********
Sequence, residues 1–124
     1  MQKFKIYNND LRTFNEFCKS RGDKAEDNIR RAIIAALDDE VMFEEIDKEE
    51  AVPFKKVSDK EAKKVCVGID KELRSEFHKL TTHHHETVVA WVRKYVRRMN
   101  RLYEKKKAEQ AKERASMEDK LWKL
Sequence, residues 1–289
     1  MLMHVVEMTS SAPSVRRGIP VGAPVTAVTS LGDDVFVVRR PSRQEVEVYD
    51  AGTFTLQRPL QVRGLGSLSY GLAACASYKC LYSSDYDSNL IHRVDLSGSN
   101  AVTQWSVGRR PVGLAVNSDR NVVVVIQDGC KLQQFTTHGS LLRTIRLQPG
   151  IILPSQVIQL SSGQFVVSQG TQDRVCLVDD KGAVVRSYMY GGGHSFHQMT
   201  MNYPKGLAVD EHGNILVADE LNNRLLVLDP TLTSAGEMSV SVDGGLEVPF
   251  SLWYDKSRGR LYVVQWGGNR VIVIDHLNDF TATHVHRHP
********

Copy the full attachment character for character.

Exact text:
Sequence, residues 1–124
     1  MQKFKIYNND LRTFNEFCKS RGDKAEDNIR RAIIAALDDE VMFEEIDKEE
    51  AVPFKKVSDK EAKKVCVGID KELRSEFHKL TTHHHETVVA WVRKYVRRMN
   101  RLYEKKKAEQ AKERASMEDK LWKL
Sequence, residues 1–289
     1  MLMHVVEMTS SAPSVRRGIP VGAPVTAVTS LGDDVFVVRR PSRQEVEVYD
    51  AGTFTLQRPL QVRGLGSLSY GLAACASYKC LYSSDYDSNL IHRVDLSGSN
   101  AVTQWSVGRR PVGLAVNSDR NVVVVIQDGC KLQQFTTHGS LLRTIRLQPG
   151  IILPSQVIQL SSGQFVVSQG TQDRVCLVDD KGAVVRSYMY GGGHSFHQMT
   201  MNYPKGLAVD EHGNILVADE LNNRLLVLDP TLTSAGEMSV SVDGGLEVPF
   251  SLWYDKSRGR LYVVQWGGNR VIVIDHLNDF TATHVHRHP